Accurate forecasting requires exposing ourselves to as many successes and disappointments as possible. (Location 3040)

“But the difference between prejudice and Bayesian thinking is that I try to improve my assumptions as we go along. So once we start playing, if I see that the forty-year-old is a great bluffer, (Location 3058)

She spends most of her time giving lectures to businesspeople about how to think probabilistically, about how to embrace uncertainty, about how, if you commit to a Bayesian outlook, you’ll make better decisions in life. (Location 3121)

Some of them are as simple as looking at our past choices and asking ourselves: Why was I so certain things would turn out one way? Why was I wrong? (Location 3134)

taking proven, conventional ideas from other settings and combining them in new ways—is remarkably effective, (Location 3272)

They were usually combinations of previously known ideas mixed together in new ways. In fact, on average, 90 percent of what was in the most “creative” manuscripts had already been published elsewhere—and had already been picked over by thousands of other scientists. (Location 3294)

Researchers have consistently found that labs and companies encourage such combinations to spark creativity. (Location 3311)

IDEO found that most of the company’s biggest successes originated as “combinations of existing knowledge from disparate industries.” (Location 3312)

essentially intellectual middlemen,” (Location 3320)

“Robbins could be brutal,” said Amanda Vaill, Robbins’s biographer. “He could sniff out creative complacency and force people to come up with something newer and better than what everyone else settled for.” Robbins was an innovation broker, and he forced everyone around him to become brokers, as well. (Location 3382)

forces people to use their own emotions to write dialogue for cartoon characters, to infuse real feelings into situations that, by definition, are unreal and fantastical. (Location 3456)

First, be sensitive to your own experiences. Pay attention to how things make you think and feel. That’s how we distinguish clichés from true insights. As Steve Jobs put it, the best designers are those who “have thought more about their experiences than other people.” (Location 3671)

Second, recognize that the panic and stress you feel as you try to create isn’t a sign that everything is falling apart. Rather, it’s the condition that helps make us flexible enough to seize something new. Creative desperation can be critical; anxiety is what often pushes us to see old ideas in new ways. (Location 3675)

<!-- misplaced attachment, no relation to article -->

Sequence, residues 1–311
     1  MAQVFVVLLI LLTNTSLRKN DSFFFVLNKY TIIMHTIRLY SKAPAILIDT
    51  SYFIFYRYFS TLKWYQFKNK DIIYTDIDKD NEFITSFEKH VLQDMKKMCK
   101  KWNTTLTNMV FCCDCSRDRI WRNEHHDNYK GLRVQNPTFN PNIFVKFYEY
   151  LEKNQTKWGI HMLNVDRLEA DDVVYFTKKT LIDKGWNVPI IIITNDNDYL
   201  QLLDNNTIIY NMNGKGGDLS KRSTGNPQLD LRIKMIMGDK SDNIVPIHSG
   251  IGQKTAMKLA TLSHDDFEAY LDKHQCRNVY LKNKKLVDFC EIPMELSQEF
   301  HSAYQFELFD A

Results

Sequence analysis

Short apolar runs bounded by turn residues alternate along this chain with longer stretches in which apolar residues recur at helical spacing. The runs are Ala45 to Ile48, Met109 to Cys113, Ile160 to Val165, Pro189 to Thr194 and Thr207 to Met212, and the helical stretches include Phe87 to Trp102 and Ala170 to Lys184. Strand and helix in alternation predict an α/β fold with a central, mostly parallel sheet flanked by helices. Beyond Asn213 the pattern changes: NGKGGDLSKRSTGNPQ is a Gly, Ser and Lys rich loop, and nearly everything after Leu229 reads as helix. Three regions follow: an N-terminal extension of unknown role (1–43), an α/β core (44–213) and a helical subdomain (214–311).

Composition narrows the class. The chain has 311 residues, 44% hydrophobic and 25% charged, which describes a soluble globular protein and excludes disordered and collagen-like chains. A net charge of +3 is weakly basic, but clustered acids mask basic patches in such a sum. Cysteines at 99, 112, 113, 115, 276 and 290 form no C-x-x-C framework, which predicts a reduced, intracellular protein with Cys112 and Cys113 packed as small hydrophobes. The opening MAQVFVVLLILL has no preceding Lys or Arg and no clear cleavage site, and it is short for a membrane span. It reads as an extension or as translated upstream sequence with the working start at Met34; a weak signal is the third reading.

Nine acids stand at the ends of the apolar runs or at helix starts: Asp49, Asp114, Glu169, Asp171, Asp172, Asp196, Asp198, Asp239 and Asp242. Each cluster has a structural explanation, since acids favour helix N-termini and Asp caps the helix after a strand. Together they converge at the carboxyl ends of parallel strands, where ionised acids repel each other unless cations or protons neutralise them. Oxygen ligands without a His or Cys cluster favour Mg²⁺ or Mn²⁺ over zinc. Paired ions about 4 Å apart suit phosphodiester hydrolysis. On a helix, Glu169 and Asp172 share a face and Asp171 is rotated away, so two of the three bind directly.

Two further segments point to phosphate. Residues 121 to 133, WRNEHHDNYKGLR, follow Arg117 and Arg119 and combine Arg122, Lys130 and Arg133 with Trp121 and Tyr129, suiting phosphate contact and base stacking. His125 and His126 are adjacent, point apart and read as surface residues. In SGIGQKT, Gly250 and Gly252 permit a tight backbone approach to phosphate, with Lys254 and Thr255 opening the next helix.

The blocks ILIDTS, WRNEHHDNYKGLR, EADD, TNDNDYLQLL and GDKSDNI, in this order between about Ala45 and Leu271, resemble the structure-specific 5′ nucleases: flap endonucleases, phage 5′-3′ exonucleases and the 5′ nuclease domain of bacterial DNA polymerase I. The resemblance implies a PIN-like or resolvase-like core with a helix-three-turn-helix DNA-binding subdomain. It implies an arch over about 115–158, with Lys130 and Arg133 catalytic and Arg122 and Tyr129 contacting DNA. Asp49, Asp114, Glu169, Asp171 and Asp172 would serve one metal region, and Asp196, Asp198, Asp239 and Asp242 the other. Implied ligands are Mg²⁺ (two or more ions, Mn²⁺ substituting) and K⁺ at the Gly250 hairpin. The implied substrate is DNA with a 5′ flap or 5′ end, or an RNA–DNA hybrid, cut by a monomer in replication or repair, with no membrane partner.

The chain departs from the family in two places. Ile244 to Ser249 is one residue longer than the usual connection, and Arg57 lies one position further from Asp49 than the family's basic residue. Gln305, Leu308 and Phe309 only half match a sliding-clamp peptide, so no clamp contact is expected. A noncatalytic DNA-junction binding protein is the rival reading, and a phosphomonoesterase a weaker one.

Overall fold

Finally, remember that the relief accompanying a creative breakthrough, while sweet, can also blind us to seeing alternatives. It is critical to maintain some distance from what we create. Without self-criticism, without tension, one idea can quickly crowd out competitors. (Location 3679)

or memos or spreadsheets the central office sent around. In fact, the EI was succeeding because teachers had been ordered to set aside those slick data tools and fancy software—and were told instead to start manipulating information by hand. (Location 3752)

“With Google and the Internet and all the information we have now, you can find answers to almost anything in seconds,” said Macon. “But South Avondale shows there’s a difference between finding an answer and understanding what it means.” (Location 3764)

are the ones who know how to use disfluency to their advantage. They transform what life throws at them, rather than just taking it as it comes. They know the best lessons are those that force us to do something and to manipulate information. They take data and transform it into experiments whenever they (Location 4114)

Motivation becomes easier when we transform a chore into a choice. Doing so gives us a sense of control. (Location 4180)

General Krulak had told me something that stuck with me: “Most recruits don’t know how to force themselves to start something hard. But if we can train them to take the first step by doing something that makes them feel in charge, it’s easier to keep going.” (Location 4186)

Self-motivation becomes easier when we see our choices as affirmations of our deeper values and goals. (Location 4208)

Forcing ourselves to explain why we are doing something helps us remember that this chore is a step along a longer path, and that by choosing to take that journey, we are getting closer to more meaningful objectives. (Location 4212)

aid our focus by building mental models—telling ourselves stories—about what we expect to (Location 4273)

And so, every Sunday night, I got into a habit of taking a few moments with a pad and pen to imagine what the next day and week ought to look like. (Location 4275)

Envision what will happen. What will occur first? What are potential obstacles? How will you preempt them? Telling yourself a story about what you expect to occur makes it easier to decide where your focus should go when your plan encounters (Location 4288)

Envision multiple futures, and then force myself to figure out which ones are most likely—and why. (Location 4296)